This project forms part of a Centre for Clinical Brain Sciences (CCBS) cross-cutting research theme which uses the eye as a window on the brain. This post within the Anne Rowling Regenerative Neurology Clinic combines laboratory and clinical research into retinal neuroinflammation, small vessel dysfunction and brain change. The post is for 2 years in the first instance with a start date of January 2019.
The laboratory and clinical work will run in parallel, beginning with a systematic review of current knowledge relating to the retinal neurovascular unit described by colour fundus imaging (disc, macular and wide-field) and optical coherence tomography (OCT) in MS subtypes as well as other neurodegenerative disorders including motor neurone disease (MND) and early onset dementias.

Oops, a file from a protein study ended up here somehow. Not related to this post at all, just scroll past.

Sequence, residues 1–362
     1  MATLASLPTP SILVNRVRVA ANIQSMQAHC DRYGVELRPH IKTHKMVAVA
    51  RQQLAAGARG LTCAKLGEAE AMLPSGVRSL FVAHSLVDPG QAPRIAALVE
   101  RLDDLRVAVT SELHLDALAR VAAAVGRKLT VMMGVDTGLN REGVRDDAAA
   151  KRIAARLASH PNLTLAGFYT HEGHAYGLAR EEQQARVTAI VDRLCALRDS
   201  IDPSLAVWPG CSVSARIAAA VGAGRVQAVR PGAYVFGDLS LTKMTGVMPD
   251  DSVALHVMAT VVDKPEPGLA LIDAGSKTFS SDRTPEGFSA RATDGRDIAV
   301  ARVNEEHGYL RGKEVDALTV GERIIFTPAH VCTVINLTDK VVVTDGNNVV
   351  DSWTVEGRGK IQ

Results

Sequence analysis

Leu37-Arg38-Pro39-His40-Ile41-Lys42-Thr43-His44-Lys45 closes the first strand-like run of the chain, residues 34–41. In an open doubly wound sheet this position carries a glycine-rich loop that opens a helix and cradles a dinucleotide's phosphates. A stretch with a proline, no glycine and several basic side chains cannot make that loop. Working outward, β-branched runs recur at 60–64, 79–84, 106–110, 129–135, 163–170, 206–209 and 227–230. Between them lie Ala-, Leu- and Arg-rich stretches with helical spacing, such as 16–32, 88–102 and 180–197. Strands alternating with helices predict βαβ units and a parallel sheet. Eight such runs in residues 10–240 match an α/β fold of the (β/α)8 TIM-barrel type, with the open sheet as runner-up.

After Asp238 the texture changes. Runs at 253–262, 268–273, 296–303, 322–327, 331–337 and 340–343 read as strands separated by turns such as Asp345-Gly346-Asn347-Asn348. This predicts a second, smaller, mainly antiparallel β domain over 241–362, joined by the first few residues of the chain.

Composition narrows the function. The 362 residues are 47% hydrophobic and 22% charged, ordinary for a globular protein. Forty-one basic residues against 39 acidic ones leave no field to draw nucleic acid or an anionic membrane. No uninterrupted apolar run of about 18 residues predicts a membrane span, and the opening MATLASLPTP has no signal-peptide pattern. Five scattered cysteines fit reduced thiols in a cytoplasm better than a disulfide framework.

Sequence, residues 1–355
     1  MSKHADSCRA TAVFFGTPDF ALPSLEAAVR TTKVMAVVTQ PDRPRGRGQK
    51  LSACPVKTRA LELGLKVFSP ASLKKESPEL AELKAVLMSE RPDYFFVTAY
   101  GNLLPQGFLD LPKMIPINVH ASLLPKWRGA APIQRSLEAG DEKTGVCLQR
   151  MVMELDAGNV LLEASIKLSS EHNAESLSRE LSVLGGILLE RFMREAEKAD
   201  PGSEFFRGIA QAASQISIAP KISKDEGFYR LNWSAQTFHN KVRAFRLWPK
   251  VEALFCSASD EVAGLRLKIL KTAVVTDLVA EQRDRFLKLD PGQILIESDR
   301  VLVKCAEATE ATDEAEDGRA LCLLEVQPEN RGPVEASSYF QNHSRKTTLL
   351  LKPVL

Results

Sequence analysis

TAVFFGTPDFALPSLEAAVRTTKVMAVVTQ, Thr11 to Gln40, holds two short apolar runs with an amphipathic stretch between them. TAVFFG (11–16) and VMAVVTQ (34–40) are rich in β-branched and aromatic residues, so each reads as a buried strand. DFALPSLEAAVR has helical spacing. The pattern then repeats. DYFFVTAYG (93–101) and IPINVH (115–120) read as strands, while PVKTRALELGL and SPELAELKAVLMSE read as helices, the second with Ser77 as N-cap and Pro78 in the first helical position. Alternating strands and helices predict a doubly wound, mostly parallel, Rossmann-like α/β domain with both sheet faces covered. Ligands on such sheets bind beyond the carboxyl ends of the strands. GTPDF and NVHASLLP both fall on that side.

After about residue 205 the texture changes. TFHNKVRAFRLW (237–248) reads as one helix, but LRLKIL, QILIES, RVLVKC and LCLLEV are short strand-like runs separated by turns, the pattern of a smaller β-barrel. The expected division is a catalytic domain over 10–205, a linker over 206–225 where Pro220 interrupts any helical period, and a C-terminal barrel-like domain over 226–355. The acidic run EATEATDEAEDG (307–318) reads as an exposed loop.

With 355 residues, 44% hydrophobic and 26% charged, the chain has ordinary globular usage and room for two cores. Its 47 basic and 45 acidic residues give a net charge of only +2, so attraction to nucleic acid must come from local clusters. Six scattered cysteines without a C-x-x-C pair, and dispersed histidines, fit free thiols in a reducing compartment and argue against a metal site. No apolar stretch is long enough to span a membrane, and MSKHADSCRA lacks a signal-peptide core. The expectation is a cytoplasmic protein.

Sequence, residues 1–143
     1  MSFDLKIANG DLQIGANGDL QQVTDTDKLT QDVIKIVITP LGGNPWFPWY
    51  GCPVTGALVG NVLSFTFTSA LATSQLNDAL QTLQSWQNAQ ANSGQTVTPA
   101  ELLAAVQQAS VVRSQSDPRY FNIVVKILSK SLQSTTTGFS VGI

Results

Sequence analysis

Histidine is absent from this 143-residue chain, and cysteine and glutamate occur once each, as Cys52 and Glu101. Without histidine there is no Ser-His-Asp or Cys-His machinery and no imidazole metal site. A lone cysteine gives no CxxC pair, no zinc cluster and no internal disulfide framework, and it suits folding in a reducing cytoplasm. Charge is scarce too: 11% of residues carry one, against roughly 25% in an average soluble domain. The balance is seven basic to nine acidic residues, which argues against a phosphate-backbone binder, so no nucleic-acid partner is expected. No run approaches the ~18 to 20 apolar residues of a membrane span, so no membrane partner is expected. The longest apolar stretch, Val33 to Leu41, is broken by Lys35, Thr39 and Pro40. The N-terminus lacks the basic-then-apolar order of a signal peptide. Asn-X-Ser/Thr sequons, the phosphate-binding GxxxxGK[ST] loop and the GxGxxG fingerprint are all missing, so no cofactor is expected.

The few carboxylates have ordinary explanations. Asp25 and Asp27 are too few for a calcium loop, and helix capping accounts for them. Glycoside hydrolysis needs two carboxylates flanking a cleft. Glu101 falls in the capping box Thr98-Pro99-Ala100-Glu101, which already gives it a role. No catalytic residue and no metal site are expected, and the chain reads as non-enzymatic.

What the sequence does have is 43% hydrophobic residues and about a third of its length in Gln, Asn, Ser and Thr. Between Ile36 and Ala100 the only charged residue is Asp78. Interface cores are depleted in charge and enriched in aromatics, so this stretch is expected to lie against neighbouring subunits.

Existing image repositories held at the Anne Rowling clinic shall be updated, collated and cross-linked with neurology clinical records, focussing on eye-brain phenotyping, retino-choroidal vascular datasets and brain imaging features using Matlab-based imaging tools. The post-holder will explore the relationship between the retinal imaging-derived data and neurological disease activity.
Laboratory experiments using OCT and novel NIR fluorescent probes applied to models (in vitro and in vivo), will be employed to characterise novel OCT signals and their source e.g ‘hyperreflective dots’ in OCT co-localising to sites of microglial activation as a signal of neuroinflammation and blood-retinal barrier dysfunction.
The merged outputs from laboratory and clinical imaging studies will be used to test existing and novel retinal biomarkers against MS outcomes. These data will inform a new standard operating procedure for data capture, analysis and application of retinal metrics for clinical care and clinical trial outcomes in MS/neurodegeneration.
Enquiries can be directed to Dawn.Lyle@ed.ac.uk
For further information see https://www.vacancies.ed.ac.uk/pls/corehrrecruit/erq_jobspec_version_4.jobspec?p_id=045781
Closing date: 23rd November 2018